John Passmore (1914-2004) was a renowned Australian empirical philosopher and historian of ideas. In this book, which was originally published in 1952, Passmore's intention was to disentangle certain main themes in Hume's philosophy and to show how they relate to Hume's main philosophic purpose. Rather than offering a detailed commentary, the text provides an account based on specificity and critical scholarship, seeking to complement the other more comprehensive works on Hume's philosophy that had become available around the same time. This book will be of value to anyone with an interest in perspectives on Hume and Passmore's philosophical approach.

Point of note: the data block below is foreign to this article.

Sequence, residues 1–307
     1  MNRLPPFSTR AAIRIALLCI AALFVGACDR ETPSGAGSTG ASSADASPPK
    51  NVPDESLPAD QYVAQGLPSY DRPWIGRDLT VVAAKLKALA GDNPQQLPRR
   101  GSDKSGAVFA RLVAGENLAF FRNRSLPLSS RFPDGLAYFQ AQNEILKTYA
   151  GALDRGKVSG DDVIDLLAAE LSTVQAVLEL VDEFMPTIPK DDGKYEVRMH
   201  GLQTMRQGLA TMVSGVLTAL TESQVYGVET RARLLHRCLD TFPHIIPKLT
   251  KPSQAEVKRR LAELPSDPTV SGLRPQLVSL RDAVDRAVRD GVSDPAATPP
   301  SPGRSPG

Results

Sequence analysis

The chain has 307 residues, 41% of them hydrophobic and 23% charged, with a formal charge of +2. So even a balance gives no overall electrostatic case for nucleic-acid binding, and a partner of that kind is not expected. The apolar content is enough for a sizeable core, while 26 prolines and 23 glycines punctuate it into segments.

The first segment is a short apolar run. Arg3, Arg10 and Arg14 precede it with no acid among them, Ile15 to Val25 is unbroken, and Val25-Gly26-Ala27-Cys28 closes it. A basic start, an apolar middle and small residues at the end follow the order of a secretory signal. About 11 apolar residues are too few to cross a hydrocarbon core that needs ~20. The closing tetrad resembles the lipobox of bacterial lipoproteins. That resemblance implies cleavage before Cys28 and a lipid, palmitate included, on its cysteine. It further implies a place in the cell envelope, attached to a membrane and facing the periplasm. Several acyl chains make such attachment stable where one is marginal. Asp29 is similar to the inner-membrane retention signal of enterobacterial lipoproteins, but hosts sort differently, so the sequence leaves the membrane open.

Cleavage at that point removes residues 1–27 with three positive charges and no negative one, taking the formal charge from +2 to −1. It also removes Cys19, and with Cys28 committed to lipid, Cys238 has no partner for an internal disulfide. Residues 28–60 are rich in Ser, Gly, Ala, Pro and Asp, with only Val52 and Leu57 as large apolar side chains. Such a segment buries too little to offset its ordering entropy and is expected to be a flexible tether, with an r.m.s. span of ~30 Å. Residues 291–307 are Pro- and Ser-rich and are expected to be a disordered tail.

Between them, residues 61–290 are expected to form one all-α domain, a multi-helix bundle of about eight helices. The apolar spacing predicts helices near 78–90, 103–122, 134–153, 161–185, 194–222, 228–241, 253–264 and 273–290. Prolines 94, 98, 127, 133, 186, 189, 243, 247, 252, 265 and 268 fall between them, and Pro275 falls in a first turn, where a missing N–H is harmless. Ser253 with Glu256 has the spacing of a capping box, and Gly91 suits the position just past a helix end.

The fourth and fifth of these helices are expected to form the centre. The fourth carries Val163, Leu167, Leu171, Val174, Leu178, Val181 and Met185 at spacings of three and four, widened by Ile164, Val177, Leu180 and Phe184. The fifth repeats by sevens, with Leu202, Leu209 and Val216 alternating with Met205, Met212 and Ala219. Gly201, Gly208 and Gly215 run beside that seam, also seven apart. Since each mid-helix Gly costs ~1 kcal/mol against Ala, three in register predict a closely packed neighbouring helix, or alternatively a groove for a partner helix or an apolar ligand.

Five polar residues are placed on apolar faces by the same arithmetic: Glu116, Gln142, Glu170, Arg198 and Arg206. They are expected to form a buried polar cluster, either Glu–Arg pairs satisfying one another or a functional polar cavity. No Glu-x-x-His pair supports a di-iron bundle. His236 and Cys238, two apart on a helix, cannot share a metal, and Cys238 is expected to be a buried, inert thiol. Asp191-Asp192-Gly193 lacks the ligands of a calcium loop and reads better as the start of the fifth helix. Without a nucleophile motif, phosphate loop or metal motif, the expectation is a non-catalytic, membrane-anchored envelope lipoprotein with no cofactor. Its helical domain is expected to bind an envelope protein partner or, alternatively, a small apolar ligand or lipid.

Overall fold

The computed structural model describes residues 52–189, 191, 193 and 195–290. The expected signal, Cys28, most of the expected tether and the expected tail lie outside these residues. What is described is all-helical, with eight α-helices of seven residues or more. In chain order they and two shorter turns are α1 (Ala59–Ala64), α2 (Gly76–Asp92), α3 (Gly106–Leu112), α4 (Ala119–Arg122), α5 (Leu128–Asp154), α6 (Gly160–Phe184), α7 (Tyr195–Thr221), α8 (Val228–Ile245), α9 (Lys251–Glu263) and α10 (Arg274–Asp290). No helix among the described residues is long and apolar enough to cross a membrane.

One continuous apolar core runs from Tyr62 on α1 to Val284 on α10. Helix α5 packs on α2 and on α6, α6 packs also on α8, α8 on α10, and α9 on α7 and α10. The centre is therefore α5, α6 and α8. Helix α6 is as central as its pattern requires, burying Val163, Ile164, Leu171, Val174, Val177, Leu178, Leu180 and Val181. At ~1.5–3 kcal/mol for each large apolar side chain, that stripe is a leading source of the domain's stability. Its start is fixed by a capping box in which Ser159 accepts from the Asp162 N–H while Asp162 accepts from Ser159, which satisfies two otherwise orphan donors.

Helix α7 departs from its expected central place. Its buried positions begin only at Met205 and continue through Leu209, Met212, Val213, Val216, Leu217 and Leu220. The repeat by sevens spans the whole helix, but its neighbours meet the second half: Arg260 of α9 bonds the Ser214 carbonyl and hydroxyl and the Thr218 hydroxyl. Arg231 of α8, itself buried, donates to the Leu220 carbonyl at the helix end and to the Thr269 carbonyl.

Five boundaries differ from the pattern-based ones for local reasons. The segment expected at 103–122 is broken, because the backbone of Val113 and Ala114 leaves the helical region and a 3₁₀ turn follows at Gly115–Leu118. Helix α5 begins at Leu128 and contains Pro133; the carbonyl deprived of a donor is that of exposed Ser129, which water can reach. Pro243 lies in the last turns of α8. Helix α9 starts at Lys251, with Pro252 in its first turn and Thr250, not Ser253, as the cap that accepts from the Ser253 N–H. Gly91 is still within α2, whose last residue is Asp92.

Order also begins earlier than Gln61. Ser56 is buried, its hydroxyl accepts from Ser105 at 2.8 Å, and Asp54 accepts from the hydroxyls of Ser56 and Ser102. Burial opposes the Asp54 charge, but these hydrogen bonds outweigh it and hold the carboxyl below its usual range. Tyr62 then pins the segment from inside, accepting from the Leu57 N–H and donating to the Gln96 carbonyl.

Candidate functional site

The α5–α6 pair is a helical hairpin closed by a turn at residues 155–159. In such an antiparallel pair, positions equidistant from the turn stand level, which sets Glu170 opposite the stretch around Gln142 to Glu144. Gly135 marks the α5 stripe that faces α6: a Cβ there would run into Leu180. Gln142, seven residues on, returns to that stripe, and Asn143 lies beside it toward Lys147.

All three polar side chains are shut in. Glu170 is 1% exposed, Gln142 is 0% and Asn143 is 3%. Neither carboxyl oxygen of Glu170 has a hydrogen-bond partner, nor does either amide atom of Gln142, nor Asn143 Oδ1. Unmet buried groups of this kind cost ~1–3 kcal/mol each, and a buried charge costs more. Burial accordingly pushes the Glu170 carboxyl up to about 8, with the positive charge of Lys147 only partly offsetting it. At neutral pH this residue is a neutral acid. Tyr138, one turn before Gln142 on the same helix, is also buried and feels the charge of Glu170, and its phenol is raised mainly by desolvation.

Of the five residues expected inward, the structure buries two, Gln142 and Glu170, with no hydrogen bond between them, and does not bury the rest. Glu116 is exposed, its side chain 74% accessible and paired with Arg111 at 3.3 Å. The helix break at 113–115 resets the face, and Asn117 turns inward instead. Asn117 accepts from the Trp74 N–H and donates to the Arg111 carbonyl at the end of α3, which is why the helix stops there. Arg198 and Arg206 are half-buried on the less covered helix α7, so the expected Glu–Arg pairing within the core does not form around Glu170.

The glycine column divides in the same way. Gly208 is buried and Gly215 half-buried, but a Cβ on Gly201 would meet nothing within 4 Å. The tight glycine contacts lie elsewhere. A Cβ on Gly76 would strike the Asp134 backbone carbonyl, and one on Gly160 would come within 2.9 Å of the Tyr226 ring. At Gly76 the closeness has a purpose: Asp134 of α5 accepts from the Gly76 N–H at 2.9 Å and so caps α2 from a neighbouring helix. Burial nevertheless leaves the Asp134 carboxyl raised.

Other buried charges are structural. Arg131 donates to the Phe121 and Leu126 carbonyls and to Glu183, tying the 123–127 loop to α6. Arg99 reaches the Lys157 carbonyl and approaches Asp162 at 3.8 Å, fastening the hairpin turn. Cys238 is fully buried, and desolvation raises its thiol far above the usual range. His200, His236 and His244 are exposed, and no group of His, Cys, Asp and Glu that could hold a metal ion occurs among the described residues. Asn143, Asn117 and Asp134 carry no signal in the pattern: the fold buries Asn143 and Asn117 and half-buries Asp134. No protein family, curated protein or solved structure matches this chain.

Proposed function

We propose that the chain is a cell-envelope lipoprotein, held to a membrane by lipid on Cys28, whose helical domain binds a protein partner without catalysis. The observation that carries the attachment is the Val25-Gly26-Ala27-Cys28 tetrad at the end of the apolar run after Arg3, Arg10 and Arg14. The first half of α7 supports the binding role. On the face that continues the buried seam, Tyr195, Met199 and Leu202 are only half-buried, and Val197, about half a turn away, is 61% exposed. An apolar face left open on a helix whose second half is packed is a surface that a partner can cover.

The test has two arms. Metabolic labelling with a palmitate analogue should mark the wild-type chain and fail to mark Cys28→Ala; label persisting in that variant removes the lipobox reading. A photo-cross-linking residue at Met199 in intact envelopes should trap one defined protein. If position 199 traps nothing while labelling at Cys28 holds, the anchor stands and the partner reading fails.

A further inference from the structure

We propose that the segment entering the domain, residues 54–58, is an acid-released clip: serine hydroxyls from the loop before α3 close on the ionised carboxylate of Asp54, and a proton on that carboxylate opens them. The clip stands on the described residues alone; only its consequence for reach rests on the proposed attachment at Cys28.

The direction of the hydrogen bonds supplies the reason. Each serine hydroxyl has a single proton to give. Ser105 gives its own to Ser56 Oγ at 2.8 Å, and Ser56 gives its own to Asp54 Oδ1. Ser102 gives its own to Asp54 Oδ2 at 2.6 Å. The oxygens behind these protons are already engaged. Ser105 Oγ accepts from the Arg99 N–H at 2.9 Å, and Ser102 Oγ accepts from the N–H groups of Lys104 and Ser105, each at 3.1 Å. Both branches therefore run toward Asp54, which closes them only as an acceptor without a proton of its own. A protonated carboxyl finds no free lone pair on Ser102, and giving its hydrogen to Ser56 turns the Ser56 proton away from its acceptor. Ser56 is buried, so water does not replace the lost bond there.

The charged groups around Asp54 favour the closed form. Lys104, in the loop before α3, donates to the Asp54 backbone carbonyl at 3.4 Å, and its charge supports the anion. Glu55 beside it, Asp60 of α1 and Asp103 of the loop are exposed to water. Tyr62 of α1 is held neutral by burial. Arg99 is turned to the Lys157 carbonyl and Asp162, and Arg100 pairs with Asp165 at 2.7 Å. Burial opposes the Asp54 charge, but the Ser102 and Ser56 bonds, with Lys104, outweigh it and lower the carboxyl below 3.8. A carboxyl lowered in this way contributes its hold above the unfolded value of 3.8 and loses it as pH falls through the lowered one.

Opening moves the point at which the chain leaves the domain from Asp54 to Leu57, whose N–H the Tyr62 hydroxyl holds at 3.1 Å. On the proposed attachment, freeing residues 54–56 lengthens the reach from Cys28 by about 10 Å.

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Abstract admit analysis argument arises assert association associationism associationist associationist psychology Bayle Berkeley Berkeley’s Cartesian causal inference cause certainly concerning conclusion constant conjunction contiguity contrast criticism David Hume demonstration Descartes describe difficulty Discourse on Method discover distinct distinguish doctrine effect empirical Enquiry Essay evidence existence experience external fact faculties fictions formal H. H. Price human Hume argues Hume's theory Hume’s hypotheses imagination impression insists kind Locke logic Malebranche mathematics means merely metaphysicians metaphysics method mind moral sciences natural philosophy nature necessary connexion never Newton Newtonian objects observation Opticks particular passions perceive perceptions personal identity phaenomena phenomenalist philo philosophical positivism pride principle problem propensity propositions psychological Pyrrhonism question rational reasoning relation reliability resemblance rules scepticism sense simple ideas sort species suggests supposed T. H. Green theory of belief theory of causality theory of ideas thing thought tion Treatise vivacity vivid word writes